What am I to do with Antonioni? L'Avventura remains one of my very favorite films. I liked the rest of the "trilogy" (La Notte and L'Eclisse) without loving them. Same for Blow-Up. Thought Red Desert was a drop-off from the trilogy, and found Zabriskie Point pretty awful. I long ago gave up hoping for another L'Avventura ... I just look for something I could at least like.
Well, I don't know if "like" is the word for The Passenger, for it is one of those movies that aren't exactly begging to be liked. Appreciated, yes. Respected, sure. But Antonioni plays with our expectations. He's got Jack Nicholson in the same year Jack won his first Oscar for Cuckoo's Nest, which featured his vibrant energy, and he forces Nicholson into a quieter character with a different kind of antagonism. Appropriately, it should be mentioned ... Nicholson is one of the best things about the movie.
Nicholson plays a journalist, Locke, who exchanges identities with a dead man, Robertson. Almost gets away with it, too. But you can't get much more existential than a man who escapes from his own skin, who doesn't want to be "himself" any more ... and it's significant that the dead man is almost accidental. Locke might not even have known he wanted out of his own life until the opportunity to change presented itself. Unfortunately, it turns out Robertson is a gun-runner, giving Locke more excitement than he was asking for.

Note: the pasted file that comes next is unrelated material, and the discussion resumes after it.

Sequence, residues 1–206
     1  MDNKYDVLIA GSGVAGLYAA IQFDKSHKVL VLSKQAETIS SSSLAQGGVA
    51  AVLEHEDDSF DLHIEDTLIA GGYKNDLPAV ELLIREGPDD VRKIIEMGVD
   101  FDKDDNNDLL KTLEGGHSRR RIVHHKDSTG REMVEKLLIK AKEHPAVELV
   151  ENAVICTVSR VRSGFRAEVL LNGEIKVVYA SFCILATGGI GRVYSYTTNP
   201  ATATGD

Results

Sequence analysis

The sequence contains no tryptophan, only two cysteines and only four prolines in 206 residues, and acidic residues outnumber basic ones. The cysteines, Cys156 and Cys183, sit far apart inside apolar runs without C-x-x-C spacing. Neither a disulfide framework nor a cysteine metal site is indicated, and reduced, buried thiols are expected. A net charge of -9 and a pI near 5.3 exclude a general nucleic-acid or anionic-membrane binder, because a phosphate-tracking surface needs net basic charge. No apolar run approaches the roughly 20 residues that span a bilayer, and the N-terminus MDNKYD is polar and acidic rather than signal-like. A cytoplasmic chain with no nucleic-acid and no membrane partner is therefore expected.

Maria Schneider is around as a woman who takes part in Locke/Robertson's adventures. There's something off about her performance, which might be explained by this note from the IMDB: "Maria Schneider was suffering from excruciating back pain during filming, and would often be in a medicated muddle towards the end of the day when her pain medications kicked in. In one scene, Jack Nicholson had to physically prop her up." One sympathizes, but as I say, her performance is missing something.
It is one of the great mysteries of my movie-going life that I am so willing to rave about L'Avventura, with its ironic title, yet am generally resistant to Antonioni's other movies, in which, like with my favorite, "nothing happens". The Passenger fits right in ... there is the barest sketch of a plot, but I doubt The Maestro cared. (And this is when I trot out my oft-told anecdote about a friend who spent time with Antonioni ... my friend said people addressed the great director as "Maestro". Whether this was true, I can verify that my friend had both Antonioni and Monica Vitti in his address book, and this was long before email.)
I don't know why, but at this moment, I'm thinking more kindly of The Passenger than I am for his other non-Adventure movies.
And there's this famous penultimate shot, which is The Passenger in a nutshell: it's one of the most beautiful shots ever, it's hard to figure out how it was done, but while it's happening, a crucial plot point occurs off screen and we never find out what that plot point was. (The image is poor in this YouTube clip, which is sad. The Director of Photography was Luciano Tovoli.)
A sidenote: much of the film takes place in Andalucía, where my wife and I were going to vacation before the Virus changed everyone's plans. #144 on the They Shoot Pictures, Don't They list of the top 1000 films of all time.